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License Auctions and Market Structure

Listed author(s):
  • Jehiel, Philippe
  • Moldovanu, Benny

We analyse the interplay between license auctions and market structure in a model with several incumbents and several potential entrants. The focus is on the competitiveness induced by the number of auctioned licences. Moreover, we study how the auction format affects the incentives for explicit or tacit collusion among incumbents. A crucial role is played by the relation between the number of incumbents and the number of licenses. We show that auctioning more licences need not result in greater competitiveness when the number of incumbents is greater than the number of new licences. When the number of licenses exceeds the number of incumbents, we display plausible conditions under which all incumbents get a licence. Finally, we suggest a positive role for some auction formats in which the number of licences is endogenously determined at the auction. We illustrate some results with examples drawn from the German and UK licence auctions for 3G mobile telephony.

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Paper provided by C.E.P.R. Discussion Papers in its series CEPR Discussion Papers with number 2530.

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Date of creation: Aug 2000
Handle: RePEc:cpr:ceprdp:2530
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  1. John C. Harsanyi & Reinhard Selten, 1988. "A General Theory of Equilibrium Selection in Games," MIT Press Books, The MIT Press, edition 1, volume 1, number 0262582384, July.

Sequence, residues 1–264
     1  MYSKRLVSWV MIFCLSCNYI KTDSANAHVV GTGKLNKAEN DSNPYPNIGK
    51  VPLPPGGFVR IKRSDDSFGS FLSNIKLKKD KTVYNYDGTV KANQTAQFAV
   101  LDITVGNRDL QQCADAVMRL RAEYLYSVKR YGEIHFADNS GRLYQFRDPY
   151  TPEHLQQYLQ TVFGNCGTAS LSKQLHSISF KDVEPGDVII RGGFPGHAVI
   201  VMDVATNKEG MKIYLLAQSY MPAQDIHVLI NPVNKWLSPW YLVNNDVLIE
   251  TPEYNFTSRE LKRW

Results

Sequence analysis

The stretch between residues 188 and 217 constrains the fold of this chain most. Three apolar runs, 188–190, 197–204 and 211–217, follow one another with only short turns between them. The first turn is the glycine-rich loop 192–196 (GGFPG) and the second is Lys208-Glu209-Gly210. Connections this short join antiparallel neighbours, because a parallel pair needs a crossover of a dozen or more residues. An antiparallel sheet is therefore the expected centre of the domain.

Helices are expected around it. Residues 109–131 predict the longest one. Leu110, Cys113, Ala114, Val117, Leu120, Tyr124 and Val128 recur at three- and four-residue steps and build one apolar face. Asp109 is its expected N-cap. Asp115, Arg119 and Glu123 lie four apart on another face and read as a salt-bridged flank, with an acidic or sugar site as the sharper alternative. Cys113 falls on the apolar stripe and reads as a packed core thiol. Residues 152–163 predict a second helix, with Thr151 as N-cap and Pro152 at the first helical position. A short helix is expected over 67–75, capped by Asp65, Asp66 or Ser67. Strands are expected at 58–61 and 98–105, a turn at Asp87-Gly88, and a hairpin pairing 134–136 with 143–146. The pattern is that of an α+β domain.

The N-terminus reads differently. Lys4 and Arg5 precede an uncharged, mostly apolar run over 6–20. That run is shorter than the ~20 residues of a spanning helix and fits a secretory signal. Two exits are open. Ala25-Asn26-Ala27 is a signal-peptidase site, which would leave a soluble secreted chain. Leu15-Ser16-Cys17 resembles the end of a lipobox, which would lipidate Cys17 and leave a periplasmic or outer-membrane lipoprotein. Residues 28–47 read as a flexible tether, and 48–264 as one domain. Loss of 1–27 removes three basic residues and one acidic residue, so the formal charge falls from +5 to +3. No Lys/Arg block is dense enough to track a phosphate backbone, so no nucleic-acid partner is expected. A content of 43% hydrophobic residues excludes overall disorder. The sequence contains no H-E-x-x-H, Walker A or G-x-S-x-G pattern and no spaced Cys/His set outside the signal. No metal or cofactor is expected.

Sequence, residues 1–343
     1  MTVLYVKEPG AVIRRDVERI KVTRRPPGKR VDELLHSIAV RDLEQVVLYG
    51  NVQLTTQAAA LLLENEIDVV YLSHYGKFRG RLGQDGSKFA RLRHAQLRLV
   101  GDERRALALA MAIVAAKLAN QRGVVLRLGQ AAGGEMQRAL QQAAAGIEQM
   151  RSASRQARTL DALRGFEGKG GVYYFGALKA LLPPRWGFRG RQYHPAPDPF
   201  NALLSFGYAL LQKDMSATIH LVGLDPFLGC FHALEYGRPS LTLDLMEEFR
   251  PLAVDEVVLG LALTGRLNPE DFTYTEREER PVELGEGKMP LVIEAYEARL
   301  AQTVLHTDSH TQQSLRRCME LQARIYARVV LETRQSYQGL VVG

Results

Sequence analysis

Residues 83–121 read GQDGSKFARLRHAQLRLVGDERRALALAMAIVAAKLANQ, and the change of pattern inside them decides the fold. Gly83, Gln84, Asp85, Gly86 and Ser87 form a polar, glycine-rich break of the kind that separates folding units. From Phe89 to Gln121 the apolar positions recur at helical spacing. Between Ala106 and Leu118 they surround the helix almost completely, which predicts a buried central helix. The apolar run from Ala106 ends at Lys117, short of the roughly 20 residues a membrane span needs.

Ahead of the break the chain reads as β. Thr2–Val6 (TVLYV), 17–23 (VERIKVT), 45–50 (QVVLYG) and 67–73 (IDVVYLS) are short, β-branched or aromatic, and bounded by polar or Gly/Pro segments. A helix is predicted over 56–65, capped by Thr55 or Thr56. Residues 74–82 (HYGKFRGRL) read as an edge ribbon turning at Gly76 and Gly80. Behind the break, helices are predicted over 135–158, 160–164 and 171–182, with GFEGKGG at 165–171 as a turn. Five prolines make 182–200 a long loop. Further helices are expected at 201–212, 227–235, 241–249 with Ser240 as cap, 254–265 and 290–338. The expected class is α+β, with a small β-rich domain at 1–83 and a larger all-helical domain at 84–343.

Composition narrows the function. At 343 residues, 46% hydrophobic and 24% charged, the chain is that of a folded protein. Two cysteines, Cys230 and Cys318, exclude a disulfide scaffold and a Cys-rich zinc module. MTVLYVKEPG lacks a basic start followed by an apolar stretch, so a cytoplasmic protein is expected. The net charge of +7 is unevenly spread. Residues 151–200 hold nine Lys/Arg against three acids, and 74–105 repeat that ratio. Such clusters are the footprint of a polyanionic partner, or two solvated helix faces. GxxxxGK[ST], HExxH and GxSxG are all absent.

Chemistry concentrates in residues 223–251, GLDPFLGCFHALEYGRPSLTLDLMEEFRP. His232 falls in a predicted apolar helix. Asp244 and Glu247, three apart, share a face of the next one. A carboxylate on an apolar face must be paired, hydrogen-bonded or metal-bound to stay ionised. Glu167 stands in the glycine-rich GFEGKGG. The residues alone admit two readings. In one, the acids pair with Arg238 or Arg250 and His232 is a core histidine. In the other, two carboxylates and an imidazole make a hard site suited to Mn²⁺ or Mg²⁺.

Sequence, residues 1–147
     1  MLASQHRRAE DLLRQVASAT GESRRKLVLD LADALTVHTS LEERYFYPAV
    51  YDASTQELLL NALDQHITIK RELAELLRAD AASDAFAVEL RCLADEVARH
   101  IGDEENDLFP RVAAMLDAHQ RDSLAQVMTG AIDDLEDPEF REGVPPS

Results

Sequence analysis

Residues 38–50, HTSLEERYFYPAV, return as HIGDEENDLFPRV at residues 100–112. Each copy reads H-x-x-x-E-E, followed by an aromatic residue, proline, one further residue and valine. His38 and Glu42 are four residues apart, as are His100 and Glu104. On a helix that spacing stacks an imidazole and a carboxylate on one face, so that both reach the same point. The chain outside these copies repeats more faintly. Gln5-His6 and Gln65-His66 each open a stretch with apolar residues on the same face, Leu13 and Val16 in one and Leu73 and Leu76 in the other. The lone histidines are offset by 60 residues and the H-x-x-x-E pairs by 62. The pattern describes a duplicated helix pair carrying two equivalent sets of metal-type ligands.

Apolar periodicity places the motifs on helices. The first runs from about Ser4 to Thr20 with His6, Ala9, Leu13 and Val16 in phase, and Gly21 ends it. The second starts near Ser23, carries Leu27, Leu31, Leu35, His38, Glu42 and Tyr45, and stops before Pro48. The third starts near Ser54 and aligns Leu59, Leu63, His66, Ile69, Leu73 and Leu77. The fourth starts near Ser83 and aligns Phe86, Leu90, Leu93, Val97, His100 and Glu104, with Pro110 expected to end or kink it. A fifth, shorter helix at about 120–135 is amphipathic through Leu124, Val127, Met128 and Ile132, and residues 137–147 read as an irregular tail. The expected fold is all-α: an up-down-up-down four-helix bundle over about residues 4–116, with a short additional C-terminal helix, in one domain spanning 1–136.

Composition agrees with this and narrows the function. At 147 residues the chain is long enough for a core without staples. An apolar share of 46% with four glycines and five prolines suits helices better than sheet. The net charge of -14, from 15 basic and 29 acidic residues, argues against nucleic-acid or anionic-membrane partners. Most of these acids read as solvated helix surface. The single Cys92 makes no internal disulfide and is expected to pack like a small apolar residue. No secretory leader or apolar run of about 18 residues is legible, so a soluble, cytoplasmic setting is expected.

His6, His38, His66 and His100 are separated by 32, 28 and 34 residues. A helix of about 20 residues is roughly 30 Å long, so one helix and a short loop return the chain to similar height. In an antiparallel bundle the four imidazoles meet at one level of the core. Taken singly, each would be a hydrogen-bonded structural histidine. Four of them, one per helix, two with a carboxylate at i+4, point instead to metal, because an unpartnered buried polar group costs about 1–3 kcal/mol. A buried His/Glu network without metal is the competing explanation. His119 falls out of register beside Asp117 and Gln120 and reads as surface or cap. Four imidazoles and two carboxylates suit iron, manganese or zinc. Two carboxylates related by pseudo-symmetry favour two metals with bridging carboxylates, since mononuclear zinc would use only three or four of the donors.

2. Robert Wilson, 1979. "Auctions of Shares," The Quarterly Journal of Economics, Oxford University Press, vol. 93(4), pages 675-689.
  3. R. Preston McAfee & John McMillan, 1996. "Analyzing the Airwaves Auction," Journal of Economic Perspectives, American Economic Association, vol. 10(1), pages 159-175, Winter.
  4. Krishna, Kala, 1993. "Auctions with Endogenous Valuations: The Persistence of Monopoly Revisited," American Economic Review, American Economic Association, vol. 83(1), pages 147-160, March.
  5. Sandro Brusco & Giuseppe Lopomo, 1999. "Collusion via Signalling in Open Ascending Auctions with Multiple Objects and Complementarities," Working Papers 99-05, New York University, Leonard N. Stern School of Business, Department of Economics.
  6. McAfee, R Preston & Williams, Michael A, 1992. "Horizontal Mergers and Antitrust Policy," Journal of Industrial Economics, Wiley Blackwell, vol. 40(2), pages 181-187, June.
  7. Gilbert, Richard J & Newbery, David M G, 1982. "Preemptive Patenting and the Persistence of Monopoly," American Economic Review, American Economic Association, vol. 72(3), pages 514-526, June.
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